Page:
The English did not take formal possession of Forts Presque Isle and Le Boeuf until 1760, when Maj.Rogers was sent out for that purpose. Hostilities between the two nations continued, but the bloody wave of war did not reach Western Pennsylvania. A treaty of peace was signed at Paris in 1763, by which the French ceded Canada and confirmed the Western country to the British Crown. The Indians did not take kindly to the British. They were hopeful of the return of the French, and meditated the driving of the victorious rivals out of the country. In June, 1763, the great Indian uprising known as "Pontiac's Conspiracy" occurred, which resulted in the destruction of all but four of the frontier posts. Fort Le Boeuf fell on the 18th and Fort Presque Isle on the 22d of that month, as will be found more fully described in the chapter devoted to the Indians. Col. Bradstreet, with a small army, arrived at Presque Isle on the 12th of August, 1764, and met a band of Shawnees and Delawares, who agreed to articles of peace and friendship. From there he marched to Detroit, where another treaty was made with the Northwestern Indians. These proceedings seem to have been entered into by the savages merely as a deception, for in a short time they renewed hostilities. Another expedition, under Col. Boquet, was fitted out, and punished the troublesome tribes so severely that they were glad to accept the conditions offered them.
The independence of the United States was acknowledged by Great Britain in 1783. By the treaty of peace the mother country abandoned all pretensions to the western region. Her officers in Canada, however, still retained a hope of the ultimate return of the colonies to the protection of the British Crown. The English had, by this date, won the confidence of the Indians, who were kept hostile to the Americans by representations that Great Britain would yet resume possession of the country. As late as 1785, Mr. Adams, our minister at London, complained to the English Secretary of State, that though two years had elapsed since the definitive treaty, the forts of Presque Isle, Niagara, and elsewhere on the Northern frontier were still held by British garrisons. The actual American occupation dates from 1795.
The French and English Forts
Little remains to be added to the various statements above, descriptive of the French forts. Fort Presque Isle stood on the bluff overlooking the mouth of Mill Creek, on the western side, about 350 feet back from the shore of the bay. The British put it in repair and occupied it till after our independence was acknowledged, by which time it had almost gone to ruin. Its site was easily traceable as late as 1863, by mounds and depressions on the bank of the lake near the mouth of the creek.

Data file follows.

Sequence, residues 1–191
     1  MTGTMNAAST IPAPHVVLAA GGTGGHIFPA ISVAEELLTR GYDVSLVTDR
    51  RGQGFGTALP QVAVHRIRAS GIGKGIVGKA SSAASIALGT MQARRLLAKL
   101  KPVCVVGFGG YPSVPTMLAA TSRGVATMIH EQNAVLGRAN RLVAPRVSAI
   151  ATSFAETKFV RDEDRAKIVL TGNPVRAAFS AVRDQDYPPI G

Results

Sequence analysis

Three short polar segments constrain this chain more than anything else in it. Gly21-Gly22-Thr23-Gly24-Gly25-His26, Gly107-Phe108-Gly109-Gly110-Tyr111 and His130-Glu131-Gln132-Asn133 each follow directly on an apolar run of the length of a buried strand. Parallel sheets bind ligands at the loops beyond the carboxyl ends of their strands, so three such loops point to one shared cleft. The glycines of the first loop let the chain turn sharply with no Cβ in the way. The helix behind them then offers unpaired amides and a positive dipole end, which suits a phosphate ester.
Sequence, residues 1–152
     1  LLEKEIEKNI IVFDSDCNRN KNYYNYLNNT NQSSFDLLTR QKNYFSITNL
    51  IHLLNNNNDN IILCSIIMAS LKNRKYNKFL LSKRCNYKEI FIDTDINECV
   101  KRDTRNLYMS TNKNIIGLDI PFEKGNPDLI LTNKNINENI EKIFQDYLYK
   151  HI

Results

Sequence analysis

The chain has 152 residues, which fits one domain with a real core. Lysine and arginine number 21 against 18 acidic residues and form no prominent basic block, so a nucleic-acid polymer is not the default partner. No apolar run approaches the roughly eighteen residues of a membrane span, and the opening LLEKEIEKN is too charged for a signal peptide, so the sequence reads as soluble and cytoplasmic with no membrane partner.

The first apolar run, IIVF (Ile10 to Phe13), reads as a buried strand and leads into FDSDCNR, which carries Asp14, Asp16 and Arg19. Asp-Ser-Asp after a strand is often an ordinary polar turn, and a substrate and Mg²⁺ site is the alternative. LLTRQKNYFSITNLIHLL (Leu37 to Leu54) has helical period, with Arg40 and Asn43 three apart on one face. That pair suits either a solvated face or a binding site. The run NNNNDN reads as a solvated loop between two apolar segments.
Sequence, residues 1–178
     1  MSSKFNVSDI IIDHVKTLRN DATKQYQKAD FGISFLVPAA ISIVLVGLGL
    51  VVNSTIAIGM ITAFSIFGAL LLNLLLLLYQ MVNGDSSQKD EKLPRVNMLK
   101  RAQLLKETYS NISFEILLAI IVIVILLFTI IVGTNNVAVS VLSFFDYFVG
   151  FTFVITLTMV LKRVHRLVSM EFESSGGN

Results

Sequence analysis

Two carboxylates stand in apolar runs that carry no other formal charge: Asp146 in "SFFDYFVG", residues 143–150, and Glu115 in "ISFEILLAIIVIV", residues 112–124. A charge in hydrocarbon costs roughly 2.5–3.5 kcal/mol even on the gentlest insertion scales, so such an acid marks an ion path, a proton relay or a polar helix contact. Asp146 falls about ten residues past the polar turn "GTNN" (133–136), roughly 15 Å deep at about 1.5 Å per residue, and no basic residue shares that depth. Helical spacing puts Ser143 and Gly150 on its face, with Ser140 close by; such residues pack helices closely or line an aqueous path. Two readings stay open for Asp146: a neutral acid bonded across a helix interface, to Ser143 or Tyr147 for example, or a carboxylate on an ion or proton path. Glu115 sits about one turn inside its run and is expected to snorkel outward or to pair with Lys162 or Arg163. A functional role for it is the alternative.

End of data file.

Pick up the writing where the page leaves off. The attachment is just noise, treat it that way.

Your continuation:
The fort at LeBoeuf stood within the present limits of Waterford Borough, on the brow of the hill above LeBoeuf Creek, nearly in line with the iron bridge across that stream. A ravine, which has since been partially filled up, extended along its north side, down which flowed a rivulet, leading Washington to describe the fort as standing on "a kind of an island." Practically the same site was successively occupied by the English and Americans.
The French Road
The French road commenced at the mouth of Mill Creek, where a warehouse stood, extended up that stream a short distance, and then struck off to the higher land, nearly following the line of Parade street, on its west side, through the city limits of Erie. A branch road led from the south gate of the fort, and connected with the main road in the hollow of Mill Creek. From the southern end of Parade street the latter ran across Mill Creek Township to the present Waterford plank road. The road that begins in Marvintown opposite the old Seib stand, and terminates at the farm of Judge Souther, is almost identical with the French thoroughfare. Leaving the Waterford plank, the French road took across the hills into Summit Township, which it crossed entirely, entering Waterford Township on the Charles Skinner place, and terminating at the gate of Fort LeBoeuf, about where Judson's Hotel stands. The route known as the French road in Summit is understood to be exactly on the line of its historical original. The road was laid out thirty feet wide, and was "corduroyed" throughout most of its length. It was easily traced when the first American settlers came in, was partially adopted by them, and portions of it, as above stated, are in use to this day.
Bibliography: Samuel P. Bates, History of Erie County, Pennsylvania, (Warner, Beers & Co.: Chicago, 1884), Part II, Chapter VII, pp. 185-194.